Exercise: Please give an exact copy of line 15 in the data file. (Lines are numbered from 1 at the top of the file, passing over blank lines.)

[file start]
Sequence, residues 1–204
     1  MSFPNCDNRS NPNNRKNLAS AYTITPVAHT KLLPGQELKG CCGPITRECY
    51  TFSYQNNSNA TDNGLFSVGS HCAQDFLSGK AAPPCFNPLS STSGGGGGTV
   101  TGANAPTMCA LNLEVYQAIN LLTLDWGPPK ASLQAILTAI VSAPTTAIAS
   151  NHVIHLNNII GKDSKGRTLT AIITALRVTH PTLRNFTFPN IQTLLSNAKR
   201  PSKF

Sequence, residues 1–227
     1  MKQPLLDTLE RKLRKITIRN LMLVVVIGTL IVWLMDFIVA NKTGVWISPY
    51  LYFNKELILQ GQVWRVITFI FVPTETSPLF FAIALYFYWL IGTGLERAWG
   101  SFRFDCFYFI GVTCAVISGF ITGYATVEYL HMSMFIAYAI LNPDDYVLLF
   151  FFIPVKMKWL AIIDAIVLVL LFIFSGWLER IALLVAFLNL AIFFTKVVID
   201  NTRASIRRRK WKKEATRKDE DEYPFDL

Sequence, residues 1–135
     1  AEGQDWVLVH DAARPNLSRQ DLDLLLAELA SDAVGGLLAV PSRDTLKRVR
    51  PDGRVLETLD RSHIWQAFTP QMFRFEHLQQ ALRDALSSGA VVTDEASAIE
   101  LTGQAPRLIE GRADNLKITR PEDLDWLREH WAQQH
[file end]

    51  PDGRVLETLD RSHIWQAFTP QMFRFEHLQQ ALRDALSSGA VVTDEASAIE